Health Services

Well Experience

Walgreens’ attempts to revolutionize the pharmacy may increase risks of medication errors and patient privacy violations, according to a new study by Change to Win Retail Initiatives (CtW). The report titled Behind the Desk uses data from 100 observations of Walgreens’ “Well Experience” pharmacy model in 50 stores located in Florida, Illinois, and Indiana. Since the report’s release in September 2013, the model has faced scrutiny from state regulators, legislators and advocacy organizations.

A "Well Experience" pharmacy.

A “Well Experience” pharmacy.


CtW’s investigation details significant problems with Well Experience, including:

  • Violations of patient privacy.  In 80 percent of stores visited, sensitive, HIPAA-protected patient information, such as medical histories, was left unattended and visible to customers in the pharmacy area.
  • Inadequate medication security. Prescription medicine—in one case hydrocodone—was left unattended and within the reach of customers in 46 percent of stores visited.
  • Increased pharmacist distractions.  Field researchers observed nearly 150 distractions and interruptions to pharmacists that were unique to the Well Experience pharmacy model’s design —over one third of the total number observed. Interruptions and distractions are associated with increased medication errors.
  • Low rates of patient counseling.  Field researchers observed an average consultation rate of 8.2 percent in surveyed Well Experience pharmacies, despite Walgreens’ claims that the model increases counseling. Academic studies of chain pharmacies using secret shoppers found rates of 27 to 53 percent, Pharmacists are required by law to offer counseling for new prescriptions.

A key feature of Well Experience is the pharmacist sits in a work station in front of the pharmacy counter, and is typically not in the traditional prescription fill area. This relocates the pharmacist’s work station from a private space in the pharmacy to a public space.  The out-in-front pharmacist remotely monitors the pharmacy technicians and checks the accuracy of prescriptions using photos and video displayed on a computer screen.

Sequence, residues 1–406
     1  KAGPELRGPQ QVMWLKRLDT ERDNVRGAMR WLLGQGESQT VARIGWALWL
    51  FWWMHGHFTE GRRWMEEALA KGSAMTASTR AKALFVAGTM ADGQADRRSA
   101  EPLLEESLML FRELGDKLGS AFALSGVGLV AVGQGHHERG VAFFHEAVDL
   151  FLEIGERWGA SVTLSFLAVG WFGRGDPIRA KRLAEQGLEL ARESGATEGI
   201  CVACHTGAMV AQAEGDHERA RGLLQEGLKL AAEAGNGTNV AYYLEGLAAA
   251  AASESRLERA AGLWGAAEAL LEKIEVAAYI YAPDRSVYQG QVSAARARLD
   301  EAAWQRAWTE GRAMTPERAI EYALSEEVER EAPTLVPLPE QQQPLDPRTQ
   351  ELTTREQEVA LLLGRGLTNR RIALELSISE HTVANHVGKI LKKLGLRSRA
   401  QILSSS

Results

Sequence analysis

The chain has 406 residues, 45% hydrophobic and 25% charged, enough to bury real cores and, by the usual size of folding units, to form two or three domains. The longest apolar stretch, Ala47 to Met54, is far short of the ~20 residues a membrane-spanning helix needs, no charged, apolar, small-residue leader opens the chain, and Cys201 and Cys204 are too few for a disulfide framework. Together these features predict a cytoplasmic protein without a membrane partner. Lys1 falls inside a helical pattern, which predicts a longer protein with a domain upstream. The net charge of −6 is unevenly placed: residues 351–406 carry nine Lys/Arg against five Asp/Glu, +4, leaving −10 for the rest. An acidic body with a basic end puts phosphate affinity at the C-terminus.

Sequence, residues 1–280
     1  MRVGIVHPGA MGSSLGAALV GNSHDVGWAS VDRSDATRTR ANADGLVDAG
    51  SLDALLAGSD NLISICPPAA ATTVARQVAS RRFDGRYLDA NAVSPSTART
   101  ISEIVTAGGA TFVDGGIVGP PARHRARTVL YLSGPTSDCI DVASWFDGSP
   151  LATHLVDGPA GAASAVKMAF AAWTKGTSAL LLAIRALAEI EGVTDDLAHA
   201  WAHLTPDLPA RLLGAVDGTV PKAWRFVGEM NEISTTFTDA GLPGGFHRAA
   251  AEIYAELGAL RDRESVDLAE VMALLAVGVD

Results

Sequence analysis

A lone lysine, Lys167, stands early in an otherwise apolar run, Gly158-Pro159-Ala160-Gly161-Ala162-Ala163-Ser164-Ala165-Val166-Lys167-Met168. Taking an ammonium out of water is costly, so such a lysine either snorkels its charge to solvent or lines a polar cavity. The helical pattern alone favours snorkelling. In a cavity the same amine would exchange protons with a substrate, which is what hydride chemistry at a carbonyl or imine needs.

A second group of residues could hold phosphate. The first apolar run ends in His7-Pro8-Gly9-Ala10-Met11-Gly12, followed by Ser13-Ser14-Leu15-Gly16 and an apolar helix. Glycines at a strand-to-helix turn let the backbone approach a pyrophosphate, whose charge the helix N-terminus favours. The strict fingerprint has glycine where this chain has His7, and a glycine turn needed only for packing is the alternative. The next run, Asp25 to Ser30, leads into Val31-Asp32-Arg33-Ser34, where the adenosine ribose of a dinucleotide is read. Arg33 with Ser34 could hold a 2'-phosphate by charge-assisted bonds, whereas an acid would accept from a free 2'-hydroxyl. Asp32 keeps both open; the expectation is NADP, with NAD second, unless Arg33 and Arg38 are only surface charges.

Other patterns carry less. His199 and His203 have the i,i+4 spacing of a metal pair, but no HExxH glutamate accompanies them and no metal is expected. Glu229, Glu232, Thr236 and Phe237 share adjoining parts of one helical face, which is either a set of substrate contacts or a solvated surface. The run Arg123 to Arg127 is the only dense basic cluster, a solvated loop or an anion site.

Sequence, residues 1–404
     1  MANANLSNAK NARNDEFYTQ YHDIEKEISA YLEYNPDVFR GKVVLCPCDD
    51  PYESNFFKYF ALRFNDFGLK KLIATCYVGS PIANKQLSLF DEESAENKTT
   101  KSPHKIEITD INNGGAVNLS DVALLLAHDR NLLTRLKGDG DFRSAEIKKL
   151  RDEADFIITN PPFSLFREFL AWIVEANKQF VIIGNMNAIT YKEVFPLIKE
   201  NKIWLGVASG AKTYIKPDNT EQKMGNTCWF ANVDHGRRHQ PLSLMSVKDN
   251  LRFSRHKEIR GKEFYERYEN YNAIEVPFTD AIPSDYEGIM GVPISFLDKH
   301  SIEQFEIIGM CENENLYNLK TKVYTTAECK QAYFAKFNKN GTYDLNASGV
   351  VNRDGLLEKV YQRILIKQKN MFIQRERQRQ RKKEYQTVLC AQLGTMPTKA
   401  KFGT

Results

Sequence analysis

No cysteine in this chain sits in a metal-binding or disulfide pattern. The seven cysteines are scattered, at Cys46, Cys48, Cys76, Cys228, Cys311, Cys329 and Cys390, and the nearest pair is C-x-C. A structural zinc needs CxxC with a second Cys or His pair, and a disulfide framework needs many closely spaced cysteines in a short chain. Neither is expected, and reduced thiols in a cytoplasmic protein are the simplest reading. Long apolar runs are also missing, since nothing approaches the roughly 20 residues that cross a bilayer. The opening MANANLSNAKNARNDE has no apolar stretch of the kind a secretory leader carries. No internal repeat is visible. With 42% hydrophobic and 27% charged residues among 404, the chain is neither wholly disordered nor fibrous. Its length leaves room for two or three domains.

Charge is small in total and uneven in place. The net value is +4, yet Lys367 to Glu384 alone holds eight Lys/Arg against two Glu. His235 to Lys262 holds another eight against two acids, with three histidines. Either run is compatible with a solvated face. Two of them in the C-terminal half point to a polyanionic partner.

Read the full report here.


Flu Shots

Did you get your flu shot? Now may be the best time, as we head into peak of both the holiday and flu seasons. Retail pharmacies are a convenient place to get vaccinated, but a new study shows that Walgreens isn’t always giving accurate information to customers seeking the shot.

The investigation, conducted by Change to Win Retail Initiatives (CtW), found thatWalgreens employees gave inaccurate information about flu shot coverage in 48 percent of store visits across New York City and Los Angeles. Walgreens representatives refused to check whether an insurance plan was covered in 40 percent of those instances—claiming to know if the flu shot was covered or not— and were wrong more than half the time.


CtW researchers found an out-of-pocket average rate of $32.00 per shot at Walgreens, and drugstores could be profiting from this confusion as insurance reimbursements for the vaccinations are reported to be lower. This isn’t the first time Walgreens has been accused of misinforming customers about their flu shot coverage. Last year, the company entered into a settlement with NY Attorney General Eric Schneiderman after sticking thousands of NY state employees with a bill for the shot after wrongly advertising it was free with their insurance.

Flu shots are vital for public health. On average, there are more than 200,000 flu-related hospitalizations each year—along with thousands of deaths associated with the illness—and cost is one common reason people give for not being vaccinated.

Learn more about the survey and some tips on getting the right price here.